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News & Record (Greensboro, North Carolina)
N.C. State officials are promising increased security for football referees and visiting teams at Carter-Finley Stadium as university police seek the public's help to identify fans who threw objects and spit on officials after Clemson's 38-31 victory over the Wolfpack on Saturday.
Fans were angry after several close calls, and no-calls, didn't go in the Wolfpack's favor in its upset bid of the fourth-ranked Tigers. The scene turned ugly as the officials left the field, running through a tunnel to the locker room as trash rained down from above, despite the presence of N.C. Highway Patrol officers and event staff.
Fred Demarest, State's senior associate athletics director for communications and brand management, wrote in an email late Monday afternoon: "We have both police and event staff escort game officials at their every move on game days, which has worked very well historically. Moving forward, we will have an increased security presence in the stands near the tunnels used by officials and the visiting team to best protect both groups."
State has one home game remaining, on Nov. 25 against North Carolina.
Asked about Saturday's incident, university spokesman Mick Kulikowski said: "The investigation is ongoing and appropriate action will be taken as those involved are identified."
State athletics director Debbie Yow declined to comment, saying her department was working with the university on the incident. ACC officials and N.C. State police referred questions to State's public relations team.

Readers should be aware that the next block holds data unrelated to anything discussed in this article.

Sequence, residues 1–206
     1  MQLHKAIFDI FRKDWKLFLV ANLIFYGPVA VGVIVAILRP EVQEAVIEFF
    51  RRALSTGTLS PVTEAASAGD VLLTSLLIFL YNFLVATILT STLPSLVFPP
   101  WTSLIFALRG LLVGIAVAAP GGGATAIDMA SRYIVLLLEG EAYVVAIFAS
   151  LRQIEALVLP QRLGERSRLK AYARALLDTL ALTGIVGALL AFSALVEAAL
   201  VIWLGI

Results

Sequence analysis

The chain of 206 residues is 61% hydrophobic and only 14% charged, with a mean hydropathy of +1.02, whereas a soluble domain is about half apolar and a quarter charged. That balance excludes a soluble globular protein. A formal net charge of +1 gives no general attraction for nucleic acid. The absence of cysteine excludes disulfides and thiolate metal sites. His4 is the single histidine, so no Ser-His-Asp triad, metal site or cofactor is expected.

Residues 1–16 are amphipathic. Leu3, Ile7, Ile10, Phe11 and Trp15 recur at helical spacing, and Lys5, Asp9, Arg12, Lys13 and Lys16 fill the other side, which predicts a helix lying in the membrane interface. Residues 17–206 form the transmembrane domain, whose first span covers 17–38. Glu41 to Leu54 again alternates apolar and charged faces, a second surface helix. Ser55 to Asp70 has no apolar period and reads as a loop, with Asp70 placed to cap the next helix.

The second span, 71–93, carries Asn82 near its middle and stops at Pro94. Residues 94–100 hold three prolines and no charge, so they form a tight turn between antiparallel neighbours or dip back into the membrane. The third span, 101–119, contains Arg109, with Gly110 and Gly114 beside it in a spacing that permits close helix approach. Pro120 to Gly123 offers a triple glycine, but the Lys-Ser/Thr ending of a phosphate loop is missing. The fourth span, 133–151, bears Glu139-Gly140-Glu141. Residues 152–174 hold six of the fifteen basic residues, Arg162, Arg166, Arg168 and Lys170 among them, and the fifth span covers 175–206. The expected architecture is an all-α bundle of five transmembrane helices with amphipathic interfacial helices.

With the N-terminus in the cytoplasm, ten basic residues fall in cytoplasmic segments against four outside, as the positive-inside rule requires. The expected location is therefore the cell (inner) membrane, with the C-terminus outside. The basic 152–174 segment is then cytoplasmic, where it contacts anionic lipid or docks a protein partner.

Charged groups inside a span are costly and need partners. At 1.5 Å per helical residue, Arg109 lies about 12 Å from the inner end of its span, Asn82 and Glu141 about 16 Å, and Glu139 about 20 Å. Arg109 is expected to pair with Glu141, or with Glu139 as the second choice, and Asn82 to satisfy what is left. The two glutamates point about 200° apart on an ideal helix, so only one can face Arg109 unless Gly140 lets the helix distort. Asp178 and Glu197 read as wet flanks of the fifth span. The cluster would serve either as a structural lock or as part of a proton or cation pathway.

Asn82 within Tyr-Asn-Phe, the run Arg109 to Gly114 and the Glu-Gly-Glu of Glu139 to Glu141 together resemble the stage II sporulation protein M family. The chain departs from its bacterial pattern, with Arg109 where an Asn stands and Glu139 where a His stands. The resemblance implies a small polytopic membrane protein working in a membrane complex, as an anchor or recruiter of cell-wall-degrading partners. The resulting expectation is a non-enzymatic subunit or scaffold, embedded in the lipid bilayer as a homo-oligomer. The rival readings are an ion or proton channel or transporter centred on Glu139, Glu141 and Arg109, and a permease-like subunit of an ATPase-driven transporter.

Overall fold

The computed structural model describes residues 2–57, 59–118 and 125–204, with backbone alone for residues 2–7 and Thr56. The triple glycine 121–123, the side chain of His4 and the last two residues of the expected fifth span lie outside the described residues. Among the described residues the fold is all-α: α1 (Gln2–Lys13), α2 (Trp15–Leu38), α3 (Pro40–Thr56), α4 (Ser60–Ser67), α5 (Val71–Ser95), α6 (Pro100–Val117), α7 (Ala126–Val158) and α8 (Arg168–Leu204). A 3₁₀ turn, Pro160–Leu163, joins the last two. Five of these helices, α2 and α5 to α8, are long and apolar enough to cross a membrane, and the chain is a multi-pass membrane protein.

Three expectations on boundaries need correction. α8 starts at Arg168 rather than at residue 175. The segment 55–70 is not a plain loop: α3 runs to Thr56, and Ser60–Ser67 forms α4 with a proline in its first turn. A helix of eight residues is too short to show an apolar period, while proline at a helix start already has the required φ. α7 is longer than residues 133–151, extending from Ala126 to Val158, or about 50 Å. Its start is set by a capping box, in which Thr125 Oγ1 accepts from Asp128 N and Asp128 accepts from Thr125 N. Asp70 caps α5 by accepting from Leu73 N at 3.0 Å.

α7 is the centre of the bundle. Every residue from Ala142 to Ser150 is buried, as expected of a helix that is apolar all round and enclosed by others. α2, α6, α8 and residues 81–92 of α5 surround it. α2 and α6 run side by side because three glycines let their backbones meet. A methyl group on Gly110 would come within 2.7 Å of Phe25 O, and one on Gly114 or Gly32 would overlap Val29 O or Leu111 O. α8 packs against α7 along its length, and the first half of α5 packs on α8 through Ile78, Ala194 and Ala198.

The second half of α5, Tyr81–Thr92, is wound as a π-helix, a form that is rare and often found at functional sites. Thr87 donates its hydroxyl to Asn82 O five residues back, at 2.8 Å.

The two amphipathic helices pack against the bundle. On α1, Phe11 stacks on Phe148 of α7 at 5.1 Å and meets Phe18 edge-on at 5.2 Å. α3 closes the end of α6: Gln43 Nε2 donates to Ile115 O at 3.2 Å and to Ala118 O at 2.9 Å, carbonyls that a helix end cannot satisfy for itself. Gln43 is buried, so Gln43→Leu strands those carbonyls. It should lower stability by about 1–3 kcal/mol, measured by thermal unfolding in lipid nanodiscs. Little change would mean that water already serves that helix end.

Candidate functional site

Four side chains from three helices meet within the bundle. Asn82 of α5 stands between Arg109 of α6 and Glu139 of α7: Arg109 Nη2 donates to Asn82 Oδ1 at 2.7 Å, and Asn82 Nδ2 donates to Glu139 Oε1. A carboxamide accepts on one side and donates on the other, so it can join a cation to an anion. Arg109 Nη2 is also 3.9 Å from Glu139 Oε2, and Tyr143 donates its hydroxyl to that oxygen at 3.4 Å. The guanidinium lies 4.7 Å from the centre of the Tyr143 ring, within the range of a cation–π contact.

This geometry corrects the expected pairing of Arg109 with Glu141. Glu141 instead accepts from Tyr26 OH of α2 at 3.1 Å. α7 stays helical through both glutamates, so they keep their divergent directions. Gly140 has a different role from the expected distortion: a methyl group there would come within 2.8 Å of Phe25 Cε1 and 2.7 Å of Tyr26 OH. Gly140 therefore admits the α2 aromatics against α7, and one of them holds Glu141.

Referee Riley Johnson's crew flagged the Wolfpack for six penalties for 69 yards, and the Tigers were penalized three times for 23 yards. State fans were particularly upset when an official blew his whistle after the snap on the play immediately after a questionable catch by Jakobi Meyers that resulted in a long gain.
Ultimately, the play was overturned and State was forced to punt.
In his postgame news conference, State coach Dave Doeren raised questions regarding a photo of a laptop on the Clemson sideline during the game. College teams are not allowed to have such technology on the sideline during games.
Asked about the laptop, Clemson coach Dabo Swinney said it didn't belong to anyone involved with the team. A team spokesman, said it belonged to the athletics program's social media operation.
ACC spokesman Kevin Best said Sunday that the league was satisfied with Clemson's explanation.
Contact Brant Wilkerson-New at 336-373-7008.
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